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Stop! Look! Listen!

Stop! Look! Listen!

Stop! Look! Listen! is your one-stop destination for The Fiddlehead's cultural engagement.

Celebrating Young Literary Ladies!

By Sarah Bernstein

I listen to CBC radio quite a bit, mostly because I can’t pay for cable, and I have run through all my DVDs, namely, a four-season box set of A Haunting and some bootlegged Harry Potters with burnt-in Greek subtitles. The CBC, as I am sure you know, has some terrific programmes and personalities (Eleanor Wachtel, especially). There are, too, these somewhat bizarre features, interviews with pseudo-scientist types whose main goal, it seems, is to shame the Younger Generation.

Radio Fiddlehead No. 3: Interview with Sue Sinclair

Fiddlehead Editorial Assistant Kayla Geitzler had the opportunity to sit down with accomplished Canadian poet and current University of New Brunswick writer-in-residence Sue Sinclair in November 2011 and discussed some of the most intriguing and complex elements of her work.

Grumpy Old Men (On Richler and Sendak)

By Sarah Bernstein

At my Jewish high school in Montreal, Mordecai Richler, of course, was a bit of a hero. Whether or not he liked it, and even though he relentlessly lampooned the Jewish community, he was still one of ours. February at our school was public speaking month. So, every February, the teachers compiled and distributed a list of quotations to all of us groaning, gawky teenagers — possible speech topics from which we were to choose. . . .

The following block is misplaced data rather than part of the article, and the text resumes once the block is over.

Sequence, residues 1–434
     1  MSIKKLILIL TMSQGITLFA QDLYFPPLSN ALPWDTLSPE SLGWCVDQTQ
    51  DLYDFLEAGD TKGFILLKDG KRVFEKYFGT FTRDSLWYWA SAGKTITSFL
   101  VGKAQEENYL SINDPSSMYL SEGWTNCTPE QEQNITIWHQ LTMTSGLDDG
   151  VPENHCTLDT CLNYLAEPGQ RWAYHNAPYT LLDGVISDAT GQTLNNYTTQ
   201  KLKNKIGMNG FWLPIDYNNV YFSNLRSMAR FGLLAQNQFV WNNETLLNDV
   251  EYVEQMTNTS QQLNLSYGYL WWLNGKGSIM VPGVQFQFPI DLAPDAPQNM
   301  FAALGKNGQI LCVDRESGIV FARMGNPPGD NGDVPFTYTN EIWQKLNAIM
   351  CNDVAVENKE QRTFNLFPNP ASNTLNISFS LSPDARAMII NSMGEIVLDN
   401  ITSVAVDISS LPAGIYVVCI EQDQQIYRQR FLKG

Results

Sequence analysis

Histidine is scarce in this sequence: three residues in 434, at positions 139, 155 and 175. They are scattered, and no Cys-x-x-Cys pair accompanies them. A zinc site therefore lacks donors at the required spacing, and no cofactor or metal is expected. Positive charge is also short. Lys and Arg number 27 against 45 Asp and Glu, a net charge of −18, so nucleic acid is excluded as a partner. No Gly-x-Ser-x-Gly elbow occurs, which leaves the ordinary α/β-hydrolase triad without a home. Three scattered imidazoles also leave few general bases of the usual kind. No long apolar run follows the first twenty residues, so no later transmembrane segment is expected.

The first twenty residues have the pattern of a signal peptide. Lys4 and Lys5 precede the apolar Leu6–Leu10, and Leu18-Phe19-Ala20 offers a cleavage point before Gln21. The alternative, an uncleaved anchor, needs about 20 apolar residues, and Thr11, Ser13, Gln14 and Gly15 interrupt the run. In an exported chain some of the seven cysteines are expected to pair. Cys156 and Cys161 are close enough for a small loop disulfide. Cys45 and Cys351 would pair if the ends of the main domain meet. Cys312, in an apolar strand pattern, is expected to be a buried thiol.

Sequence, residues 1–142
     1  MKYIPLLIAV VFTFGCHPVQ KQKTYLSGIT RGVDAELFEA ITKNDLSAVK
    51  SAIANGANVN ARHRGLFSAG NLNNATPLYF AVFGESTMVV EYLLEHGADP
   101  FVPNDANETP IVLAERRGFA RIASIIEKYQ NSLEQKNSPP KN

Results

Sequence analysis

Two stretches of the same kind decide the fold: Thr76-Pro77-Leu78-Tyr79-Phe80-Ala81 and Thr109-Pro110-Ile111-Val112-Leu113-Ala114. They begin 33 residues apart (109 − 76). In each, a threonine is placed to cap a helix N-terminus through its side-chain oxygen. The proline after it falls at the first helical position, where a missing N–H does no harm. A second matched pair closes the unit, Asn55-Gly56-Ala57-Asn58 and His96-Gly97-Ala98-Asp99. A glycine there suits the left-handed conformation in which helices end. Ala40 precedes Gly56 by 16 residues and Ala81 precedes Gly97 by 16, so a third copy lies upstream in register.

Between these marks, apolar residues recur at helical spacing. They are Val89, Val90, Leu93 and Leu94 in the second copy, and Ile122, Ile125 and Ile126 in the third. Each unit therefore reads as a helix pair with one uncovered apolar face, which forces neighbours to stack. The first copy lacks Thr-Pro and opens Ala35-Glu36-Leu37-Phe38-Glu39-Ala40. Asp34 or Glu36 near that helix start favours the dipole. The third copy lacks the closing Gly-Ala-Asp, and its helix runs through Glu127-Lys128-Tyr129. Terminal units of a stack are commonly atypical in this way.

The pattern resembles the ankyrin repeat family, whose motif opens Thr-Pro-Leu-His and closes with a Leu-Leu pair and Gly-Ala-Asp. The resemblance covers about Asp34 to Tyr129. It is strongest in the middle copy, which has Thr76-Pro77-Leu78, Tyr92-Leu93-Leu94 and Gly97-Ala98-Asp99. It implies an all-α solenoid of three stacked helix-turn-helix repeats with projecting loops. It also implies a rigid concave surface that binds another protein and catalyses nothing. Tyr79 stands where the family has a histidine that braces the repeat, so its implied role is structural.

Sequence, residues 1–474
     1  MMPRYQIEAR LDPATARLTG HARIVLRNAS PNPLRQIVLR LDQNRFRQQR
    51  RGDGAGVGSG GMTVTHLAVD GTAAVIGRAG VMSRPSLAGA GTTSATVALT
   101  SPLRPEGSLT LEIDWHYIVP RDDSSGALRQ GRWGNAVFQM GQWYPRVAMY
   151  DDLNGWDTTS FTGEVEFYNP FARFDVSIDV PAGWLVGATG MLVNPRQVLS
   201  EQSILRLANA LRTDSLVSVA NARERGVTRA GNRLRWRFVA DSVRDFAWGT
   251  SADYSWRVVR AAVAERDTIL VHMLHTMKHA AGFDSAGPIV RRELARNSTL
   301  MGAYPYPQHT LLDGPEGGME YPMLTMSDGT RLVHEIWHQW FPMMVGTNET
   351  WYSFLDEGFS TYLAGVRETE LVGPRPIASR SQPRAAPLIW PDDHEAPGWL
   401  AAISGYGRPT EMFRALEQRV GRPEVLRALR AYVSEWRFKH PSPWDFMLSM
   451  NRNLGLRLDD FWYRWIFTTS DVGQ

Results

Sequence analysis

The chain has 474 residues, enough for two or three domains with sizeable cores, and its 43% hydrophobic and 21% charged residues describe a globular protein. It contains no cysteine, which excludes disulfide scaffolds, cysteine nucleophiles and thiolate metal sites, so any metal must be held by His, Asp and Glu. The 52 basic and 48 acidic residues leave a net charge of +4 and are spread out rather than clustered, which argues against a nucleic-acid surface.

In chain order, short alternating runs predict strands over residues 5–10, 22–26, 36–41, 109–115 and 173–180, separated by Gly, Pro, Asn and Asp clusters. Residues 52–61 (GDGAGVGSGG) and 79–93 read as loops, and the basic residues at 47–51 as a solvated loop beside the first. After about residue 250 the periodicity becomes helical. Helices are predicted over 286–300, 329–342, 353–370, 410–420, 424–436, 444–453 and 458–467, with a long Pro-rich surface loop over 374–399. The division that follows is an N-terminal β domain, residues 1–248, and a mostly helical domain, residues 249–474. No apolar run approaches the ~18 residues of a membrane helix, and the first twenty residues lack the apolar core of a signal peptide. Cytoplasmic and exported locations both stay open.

RBC Bronwen Wallace Award for Emerging Writers: Call for Submissions

The Writers Trust of Canada is accepting submissions for RBC Bronwen Wallace Award for Emerging Writers. To be eligible a submitter must be a Canadian citizen or permanent resident, under the age of 35, unpublished in book form and without a book contract, but whose literary work has appeared in at least one independently edited magazine or anthology.

Breathe, Just Breathe: Christina Cooke on Zadie Smith's White Teeth

By Christina Cooke

Commendations on the novel’s thematic triumphs need not be contrived by this humble author as institutions such as The New Yorker, Guardian and Financial Times have safely lionized this text as one of the most celebrated of the past two decades. But the most striking yet undervalued aspect of White Teeth, from my reading, is Smith’s awareness of the constrictions placed upon writing by those reading it — of the insistent and insufferable question demanded ad naseum, “but what does this mean?" . . .

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